Having difficulty balancing on one leg for over 20 seconds has been linked to poor brain health and problems with memory, language and attention in a large new study.
Researchers asked people to try and keep their balance while simply raising one leg in front of them, with their eyes open.
Dr. Yasuharu Tabara, who led the Japanese study, said:
“Our study found that the ability to balance on one leg is an important test for brain health.
Individuals showing poor balance on one leg should receive increased attention, as this may indicate an increased risk for brain disease and cognitive decline.”
The study, published in the American Heart Association’s journal Stroke, assessed 841 women and 546 men with an average age of 67, all of whom where healthy (Tabara et al., 2014).
Each person tried the test twice and their best time was recorded.
The longest amount of time anyone managed to stand on one leg was 60 seconds.
Brain imaging from an MRI scan revealed that people who had trouble balancing on one leg for longer than 20 seconds were more likely to have small bleeds in their brain.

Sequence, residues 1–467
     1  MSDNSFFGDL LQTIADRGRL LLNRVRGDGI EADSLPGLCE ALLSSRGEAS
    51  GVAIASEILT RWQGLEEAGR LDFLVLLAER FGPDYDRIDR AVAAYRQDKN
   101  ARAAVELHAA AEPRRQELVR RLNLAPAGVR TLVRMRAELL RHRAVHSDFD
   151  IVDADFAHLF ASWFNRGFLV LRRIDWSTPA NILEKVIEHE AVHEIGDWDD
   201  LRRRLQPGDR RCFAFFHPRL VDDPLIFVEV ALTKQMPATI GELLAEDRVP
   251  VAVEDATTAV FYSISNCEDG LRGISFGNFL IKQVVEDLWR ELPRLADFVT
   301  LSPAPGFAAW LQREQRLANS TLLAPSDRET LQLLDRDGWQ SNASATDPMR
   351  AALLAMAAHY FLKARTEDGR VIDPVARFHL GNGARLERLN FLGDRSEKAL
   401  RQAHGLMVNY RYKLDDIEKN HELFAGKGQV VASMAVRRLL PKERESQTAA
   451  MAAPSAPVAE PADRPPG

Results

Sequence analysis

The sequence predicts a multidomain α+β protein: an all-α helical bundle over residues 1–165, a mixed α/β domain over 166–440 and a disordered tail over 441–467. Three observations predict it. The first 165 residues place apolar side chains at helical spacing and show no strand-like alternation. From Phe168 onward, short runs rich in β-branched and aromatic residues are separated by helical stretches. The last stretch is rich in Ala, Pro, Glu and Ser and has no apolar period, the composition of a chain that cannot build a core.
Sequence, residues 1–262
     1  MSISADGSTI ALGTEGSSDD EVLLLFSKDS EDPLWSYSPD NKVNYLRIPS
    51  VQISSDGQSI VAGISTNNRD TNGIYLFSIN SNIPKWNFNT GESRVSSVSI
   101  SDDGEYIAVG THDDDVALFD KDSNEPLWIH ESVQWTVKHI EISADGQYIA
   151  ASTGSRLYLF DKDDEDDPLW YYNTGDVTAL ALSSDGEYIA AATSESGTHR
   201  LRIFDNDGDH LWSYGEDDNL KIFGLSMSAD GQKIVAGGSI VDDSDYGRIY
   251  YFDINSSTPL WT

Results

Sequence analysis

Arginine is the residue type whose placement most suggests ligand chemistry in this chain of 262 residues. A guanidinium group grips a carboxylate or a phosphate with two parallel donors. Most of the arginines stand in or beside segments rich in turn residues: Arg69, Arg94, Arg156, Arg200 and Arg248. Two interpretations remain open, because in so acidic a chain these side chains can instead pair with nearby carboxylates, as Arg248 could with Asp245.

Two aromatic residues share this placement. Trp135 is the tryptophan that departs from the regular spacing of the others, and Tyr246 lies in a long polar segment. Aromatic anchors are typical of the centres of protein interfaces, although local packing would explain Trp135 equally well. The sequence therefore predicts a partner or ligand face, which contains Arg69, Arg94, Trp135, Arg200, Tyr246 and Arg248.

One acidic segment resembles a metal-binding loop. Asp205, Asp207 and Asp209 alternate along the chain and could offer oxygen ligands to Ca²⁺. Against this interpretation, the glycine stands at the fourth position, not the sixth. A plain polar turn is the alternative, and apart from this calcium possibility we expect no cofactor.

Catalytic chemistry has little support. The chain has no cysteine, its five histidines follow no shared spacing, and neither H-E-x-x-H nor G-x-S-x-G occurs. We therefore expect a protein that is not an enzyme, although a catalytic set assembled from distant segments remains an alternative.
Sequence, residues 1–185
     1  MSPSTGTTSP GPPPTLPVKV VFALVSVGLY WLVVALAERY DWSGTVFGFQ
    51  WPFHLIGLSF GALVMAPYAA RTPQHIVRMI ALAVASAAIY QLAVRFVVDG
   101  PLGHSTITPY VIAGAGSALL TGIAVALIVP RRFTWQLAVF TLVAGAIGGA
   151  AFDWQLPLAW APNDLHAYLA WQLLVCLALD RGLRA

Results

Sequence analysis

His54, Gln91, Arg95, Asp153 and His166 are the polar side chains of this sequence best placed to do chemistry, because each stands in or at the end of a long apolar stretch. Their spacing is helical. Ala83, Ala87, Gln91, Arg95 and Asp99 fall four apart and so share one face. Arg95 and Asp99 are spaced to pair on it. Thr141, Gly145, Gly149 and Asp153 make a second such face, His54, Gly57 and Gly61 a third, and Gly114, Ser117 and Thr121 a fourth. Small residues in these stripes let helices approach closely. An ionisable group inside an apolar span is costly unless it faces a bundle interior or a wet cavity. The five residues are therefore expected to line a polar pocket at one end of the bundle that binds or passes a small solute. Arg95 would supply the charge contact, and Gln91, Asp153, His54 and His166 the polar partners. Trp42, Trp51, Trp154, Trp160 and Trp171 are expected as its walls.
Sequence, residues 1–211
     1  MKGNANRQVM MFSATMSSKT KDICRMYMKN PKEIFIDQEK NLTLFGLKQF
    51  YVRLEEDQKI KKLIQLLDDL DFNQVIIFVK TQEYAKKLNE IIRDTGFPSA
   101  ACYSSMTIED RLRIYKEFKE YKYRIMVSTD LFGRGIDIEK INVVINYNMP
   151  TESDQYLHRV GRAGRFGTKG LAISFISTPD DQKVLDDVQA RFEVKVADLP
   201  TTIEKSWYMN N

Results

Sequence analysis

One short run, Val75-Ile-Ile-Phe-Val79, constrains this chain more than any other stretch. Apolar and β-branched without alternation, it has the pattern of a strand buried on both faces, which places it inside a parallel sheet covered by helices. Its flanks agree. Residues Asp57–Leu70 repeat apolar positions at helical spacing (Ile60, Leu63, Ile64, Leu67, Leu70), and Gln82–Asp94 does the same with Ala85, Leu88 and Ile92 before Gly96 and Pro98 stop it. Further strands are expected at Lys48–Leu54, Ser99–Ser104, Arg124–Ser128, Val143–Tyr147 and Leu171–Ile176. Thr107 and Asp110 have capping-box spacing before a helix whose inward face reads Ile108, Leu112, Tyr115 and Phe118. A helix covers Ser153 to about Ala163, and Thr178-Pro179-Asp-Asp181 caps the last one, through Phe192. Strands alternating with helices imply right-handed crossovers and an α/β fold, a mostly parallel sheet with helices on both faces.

The brain imaging also revealed that:
- 34.5% of people who had more than two areas of damage in the brain had problems balancing.
- 30% of those with more than two micro-bleeds in the brain had trouble balancing.
These areas of damage in the brain and micro-bleeds were present despite the participants having no symptoms of mental decline.
Researchers took into account people’s age, their blood pressure and the presence of thickened arteries.
Cognitively, as well, the balancing test predicted people’s thinking skills: the longer they could balance on one leg the better their cognitive function.
→ Try one of PsyBlog’s ebooks, all written by Dr Jeremy Dean:
Image credit: Allan Ajifo